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[182a] since it is as good and strenuous as any physical exercise—but is also a form of exercise which, with riding, is particularly fitting for a free citizen; for only the men trained in the use of these warlike implements can claim to be trained in the contest whereof we are athletes and in the affairs wherein we are called upon to contend.1 Further, this accomplishment will be of some benefit also in actual battle, when it comes to fighting in line with a number of other men; but its greatest advantage will be felt when the ranks are broken, and you find you must fight man to man, either in pursuing someone who is trying to beat off your attack,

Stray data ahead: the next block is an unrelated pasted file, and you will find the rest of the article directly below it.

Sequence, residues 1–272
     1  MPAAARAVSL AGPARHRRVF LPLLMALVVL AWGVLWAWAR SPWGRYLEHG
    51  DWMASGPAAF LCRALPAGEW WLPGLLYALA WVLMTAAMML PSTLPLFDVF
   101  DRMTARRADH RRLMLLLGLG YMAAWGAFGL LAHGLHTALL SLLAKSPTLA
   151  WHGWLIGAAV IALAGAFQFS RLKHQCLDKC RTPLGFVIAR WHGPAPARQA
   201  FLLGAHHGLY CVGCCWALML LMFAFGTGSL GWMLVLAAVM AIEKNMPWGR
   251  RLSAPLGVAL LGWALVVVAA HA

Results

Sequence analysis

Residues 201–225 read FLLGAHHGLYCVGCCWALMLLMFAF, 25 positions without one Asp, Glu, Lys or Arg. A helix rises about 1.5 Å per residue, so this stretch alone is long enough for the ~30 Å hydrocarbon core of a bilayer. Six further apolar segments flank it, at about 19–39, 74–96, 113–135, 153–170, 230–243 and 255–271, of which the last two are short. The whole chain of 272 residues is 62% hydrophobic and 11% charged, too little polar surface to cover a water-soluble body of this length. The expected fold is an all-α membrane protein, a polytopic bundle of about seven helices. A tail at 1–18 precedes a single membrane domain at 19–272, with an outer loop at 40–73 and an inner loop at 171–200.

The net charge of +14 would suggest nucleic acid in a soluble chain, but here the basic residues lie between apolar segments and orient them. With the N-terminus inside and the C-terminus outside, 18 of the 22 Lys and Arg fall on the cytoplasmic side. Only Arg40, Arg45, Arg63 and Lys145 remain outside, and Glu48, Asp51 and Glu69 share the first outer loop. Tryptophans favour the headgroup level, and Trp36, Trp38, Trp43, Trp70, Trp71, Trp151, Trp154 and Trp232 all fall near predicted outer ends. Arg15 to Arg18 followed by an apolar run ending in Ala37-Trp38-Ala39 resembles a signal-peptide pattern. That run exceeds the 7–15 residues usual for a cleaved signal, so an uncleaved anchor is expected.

1 i.e., in regular warfare.

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    • James Adam, The Republic of Plato, 3.403E
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